#5 Similar to #4 but grain size is a bit larger ( like Sandstone ) but this stuff is much harder / doesn't break off like sandstone typically does when scratched.

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Some small pieces of the interesting rock encountered out where i'd collected the Apache Tears. Can see there were lots of bubbles that formed in this stuff. What's harder to see in the pictures is the inside of these " bubbles "/ air pockets are filled with crystals, likely Quartz.
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Some type of Schist i picked up along a wash near Picket Post.. While it looks like the stone would be banded in alternating bands of darker/ lighter Gray,  The lighter bands are actually whatever mineral is in the rock that is highly reflective in full sun, similar to Tiger's Eye Agate. Easy to spot from a distance when walking this wash.  Stones look solid light gray in shade.
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Not sure what the green/ brown banded stone is on the right. Was the only piece of that i came across. 

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teddytn

@Silas_Sancona I’ve been working with that rock for a while, it’s does really well as a landscape rock for sure. I’m still not sold on the color in a planting but I’m stacking them up for the desert bed. Here’s a low wall I dry stacked at the bottom of my yard. 06D582D5-A56E-4C43-83E2-E47BA8DA1C3C.thumb.jpeg.8121e4dc3c71721f30fa21a5949965e7.jpegIt does fracture nicely and there’s a plethora of just movable by hand pieces that are completely flat, I think this winter I’m going to work on a patio at the bottom of my yard made completely out of pieces like this.D60D64CB-E94D-484F-AC79-DEE889A2B0D4.thumb.jpeg.86f0a5db065488924632829c6f3ca146.jpegThere’s this tan colored portion that runs almost in waves with the blue, I’m guessing sandstone, but this could just be an ancient staining of this clay soil were in here. Definitely going to mix pieces like this in the desert planting. Found this geode on a creek walk the other day. 9DB254D9-3077-4DD3-8A4A-249AF03F62AD.thumb.jpeg.1f6b81cb0979ce97d3ab7da8bcd4130f.jpegMy house is literally full of cracked geodes, crystals, minerals, semi precious stones, random rocks I just like the look of on almost every hike I go on

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teddytn
39 minutes ago, Silas_Sancona said:

Here's some more examples of the rock i've come across..

First group is from the area i visit out east of Florence.. ( in the Socially Distanced threads ) Tried my best to number the different types but not sure how well the #'s will show up, lol.. regardless:

#1 is a silty Limestone you'll find on some of the " balds " between the more extensive Boulder fields ( which are all Granite )  Some of these Limestone balds / hills show up as gray looking areas on Google Maps / Earth of the area. Not pictured, but can be seen in pictures in threads i've done from this area is the hill of icy looking Quarts/ Gypsum out there as well.

#2 is a chunk of the Granite type out there.. Didn't show up too well in the picture.

#3 Some thin pieces of the same Limestone as #1 but eroded more / containing more pits. Sounds like Ceramic Tile when tapped. Thinking this is an example of our notorious Caliche, just only a few inches thick compared to other areas where Caliche can be a couple feet or more thick.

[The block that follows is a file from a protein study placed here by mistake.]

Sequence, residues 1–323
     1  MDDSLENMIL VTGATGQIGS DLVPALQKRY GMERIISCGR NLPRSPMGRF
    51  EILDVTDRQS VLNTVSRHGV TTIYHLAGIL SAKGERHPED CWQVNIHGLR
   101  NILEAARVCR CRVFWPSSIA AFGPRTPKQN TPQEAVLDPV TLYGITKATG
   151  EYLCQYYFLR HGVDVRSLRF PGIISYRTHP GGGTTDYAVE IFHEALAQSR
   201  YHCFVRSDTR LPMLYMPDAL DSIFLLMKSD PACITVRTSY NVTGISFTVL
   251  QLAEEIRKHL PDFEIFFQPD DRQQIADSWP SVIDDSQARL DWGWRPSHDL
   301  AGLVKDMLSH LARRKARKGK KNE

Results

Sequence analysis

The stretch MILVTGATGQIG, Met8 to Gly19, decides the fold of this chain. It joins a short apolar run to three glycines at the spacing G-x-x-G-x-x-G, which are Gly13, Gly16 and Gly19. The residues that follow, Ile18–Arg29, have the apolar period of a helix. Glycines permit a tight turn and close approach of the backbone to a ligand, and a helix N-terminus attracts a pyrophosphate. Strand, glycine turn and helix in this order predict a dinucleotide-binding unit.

#4 ..not sure what i'd call this stuff but there was a low ridge i'd explored / crossed over that was covered in it. Grain is fine/ texture smooth, like a mud stone or Shale but is really hard and sounds like thick tile when tapped. Most pieces seen fracture in a similar type pattern as these. Only spot in this area where i've seen this kind of Stone.

#5 Similar to #4 but grain size is a bit larger ( like Sandstone ) but this stuff is much harder / doesn't break off like sandstone typically does when scratched.

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Some small pieces of the interesting rock encountered out where i'd collected the Apache Tears. Can see there were lots of bubbles that formed in this stuff. What's harder to see in the pictures is the inside of these " bubbles "/ air pockets are filled with crystals, likely Quartz.
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Some type of Schist i picked up along a wash near Picket Post.. While it looks like the stone would be banded in alternating bands of darker/ lighter Gray,  The lighter bands are actually whatever mineral is in the rock that is highly reflective in full sun, similar to Tiger's Eye Agate. Easy to spot from a distance when walking this wash.  Stones look solid light gray in shade.
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Not sure what the green/ brown banded stone is on the right. Was the only piece of that i came across. 

Excellent, I see the quartz in the bottom picture inside all the pockets. Their formation is awesome, having that blade like structure. That schist would go well in a potted plant. The color on the green banded stone is beautiful. Is there copper mining anywhere close do you know?

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teddytn

Blue crystals may be my favorite. This is blue kyaniteD5330D33-096D-479C-963D-710BDF77A237.thumb.jpeg.f35f628a3a1902bb1bc09b7b708887a9.jpegquartz ringed by blue lace agate063F7856-D4B4-43BA-BDFE-D95A92943232.thumb.jpeg.de12f7732c5af898005bb3ea8bbe53d1.jpeganother blue lace agate7FF8EC56-E1A2-44FA-9A1A-7F3AEF36611B.thumb.jpeg.309df88c99cfe01a6808a71e3fc6e4d4.jpegblue banded agate76E8B4AA-3BD6-4E73-8C21-16F9F4FC4FFC.thumb.jpeg.dd4ab5ea103b317389b76c73082196f1.jpegsodalite0E84AD0E-FC9F-46BA-8DF3-071173CD8502.thumb.jpeg.69e1360dbb7ce9de981aa6df025f536c.jpegthus is either blue adventurine or afghanite I can’t recall off the top of my headF60C64D1-FE2B-4A01-B27D-4BF83FA04ECA.thumb.jpeg.5af55b8c07edf6380956fa3f252e7712.jpegthis is all lapis lazuliECFF5C6B-E924-46D1-A25A-07E65419E262.thumb.jpeg.023d60d2d53dc103c47bb76a6428f628.jpeg

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sandgroper

This is a great thread, terrific photos gents.